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Two guys. 19 experiments. Five continents. 91,000 miles. And a book that will forever change the way you think about humor. Part road-trip comedy and part social science experiment, a scientist and a journalist detail their epic quest to discover the secret behind what makes things funny. Dr. Peter McGraw, founder of the Humor Research Lab at the University of Colorado Boulder, teamed up with journalist Joel Warner on a far-reaching search for the secret behind humor. Their journey spanned the globe, from New York to Japan, from Palestine to the Amazon. Meanwhile, the duo conducted their own humor experiments along the way--to wince-worthy, hilarious, and illuminating results. In their quixotic search, they questioned countless experts, from comedians like Louis C.K. to rat-tickling researchers, and answered pressing (and not-so-pressing) questions such as, "What's the secret to winning "The New Yorker" cartoon caption contest?"; "Who has the bigger funny bone--men or women, Democrats or Republicans?"; and "Is laughter really the best medicine?" As a final test, McGraw uses everything they learned to attempt stand-up--at the largest comedy festival in the world. Funny, surprising, and often touching, "The Humor Code" is a revealing exploration of humor, society, and an unusual friendship.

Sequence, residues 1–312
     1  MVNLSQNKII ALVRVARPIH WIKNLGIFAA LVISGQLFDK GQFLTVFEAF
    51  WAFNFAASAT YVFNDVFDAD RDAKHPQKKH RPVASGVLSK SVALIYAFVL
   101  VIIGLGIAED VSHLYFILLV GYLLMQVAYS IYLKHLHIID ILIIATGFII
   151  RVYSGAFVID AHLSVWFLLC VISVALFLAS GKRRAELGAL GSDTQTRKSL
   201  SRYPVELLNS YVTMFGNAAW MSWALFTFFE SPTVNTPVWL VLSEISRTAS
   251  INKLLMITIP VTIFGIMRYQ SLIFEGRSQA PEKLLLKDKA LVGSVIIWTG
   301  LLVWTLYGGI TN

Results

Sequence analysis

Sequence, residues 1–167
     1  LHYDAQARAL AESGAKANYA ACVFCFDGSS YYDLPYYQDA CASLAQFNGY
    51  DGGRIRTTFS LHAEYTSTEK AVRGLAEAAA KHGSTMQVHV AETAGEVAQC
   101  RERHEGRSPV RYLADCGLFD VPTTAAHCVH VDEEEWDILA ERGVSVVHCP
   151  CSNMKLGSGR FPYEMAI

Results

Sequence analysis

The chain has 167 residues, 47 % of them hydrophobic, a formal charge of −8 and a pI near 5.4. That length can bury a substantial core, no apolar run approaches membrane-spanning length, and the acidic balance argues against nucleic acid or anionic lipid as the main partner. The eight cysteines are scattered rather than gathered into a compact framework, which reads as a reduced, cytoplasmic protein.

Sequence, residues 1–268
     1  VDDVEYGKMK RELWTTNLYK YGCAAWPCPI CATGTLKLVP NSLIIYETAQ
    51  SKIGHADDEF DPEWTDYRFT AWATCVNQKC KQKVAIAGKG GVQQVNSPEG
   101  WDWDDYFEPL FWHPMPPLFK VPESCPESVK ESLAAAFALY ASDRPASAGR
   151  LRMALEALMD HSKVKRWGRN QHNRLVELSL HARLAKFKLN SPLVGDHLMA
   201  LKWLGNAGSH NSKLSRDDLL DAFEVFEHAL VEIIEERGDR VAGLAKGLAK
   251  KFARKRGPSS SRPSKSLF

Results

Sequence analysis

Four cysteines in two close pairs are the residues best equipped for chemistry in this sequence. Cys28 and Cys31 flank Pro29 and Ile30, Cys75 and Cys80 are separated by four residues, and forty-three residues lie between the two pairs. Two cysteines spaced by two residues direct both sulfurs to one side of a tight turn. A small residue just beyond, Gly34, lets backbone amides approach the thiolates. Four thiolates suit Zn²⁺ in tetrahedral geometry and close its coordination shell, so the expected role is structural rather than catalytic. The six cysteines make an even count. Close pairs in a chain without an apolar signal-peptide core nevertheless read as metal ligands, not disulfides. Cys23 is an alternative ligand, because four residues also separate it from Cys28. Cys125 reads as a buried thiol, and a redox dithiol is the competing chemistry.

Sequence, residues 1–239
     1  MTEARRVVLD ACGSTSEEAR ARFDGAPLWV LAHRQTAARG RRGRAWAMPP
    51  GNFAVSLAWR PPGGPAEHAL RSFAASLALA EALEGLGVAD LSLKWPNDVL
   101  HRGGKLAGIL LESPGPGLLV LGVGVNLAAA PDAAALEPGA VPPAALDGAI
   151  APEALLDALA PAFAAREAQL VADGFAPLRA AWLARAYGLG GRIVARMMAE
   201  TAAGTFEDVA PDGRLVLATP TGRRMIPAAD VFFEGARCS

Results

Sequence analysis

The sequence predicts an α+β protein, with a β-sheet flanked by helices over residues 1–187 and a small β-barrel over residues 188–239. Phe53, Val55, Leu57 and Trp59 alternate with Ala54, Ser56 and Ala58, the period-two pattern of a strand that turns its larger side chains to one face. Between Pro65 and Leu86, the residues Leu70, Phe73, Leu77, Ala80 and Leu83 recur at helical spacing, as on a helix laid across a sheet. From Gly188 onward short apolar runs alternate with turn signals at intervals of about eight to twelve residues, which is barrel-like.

About the Author
Peter McGraw, a professor at the University of Colorado Boulder where he directs HuRL (the Humor Research Lab), is a leading expert in the interdisciplinary fields of emotion and behavioral economics. His work has been covered by NPR, "Nightline", "The Wall Street Journal", "Scientific American", and the BBC. He lives in Boulder, Colorado.
Joel Warner, an award-winning former staff writer for Westword, Denver's alternative newsweekly, has written for Wired, the Boston Globe, Slate, Grantland, and other publications. He lives in Denver, Colorado.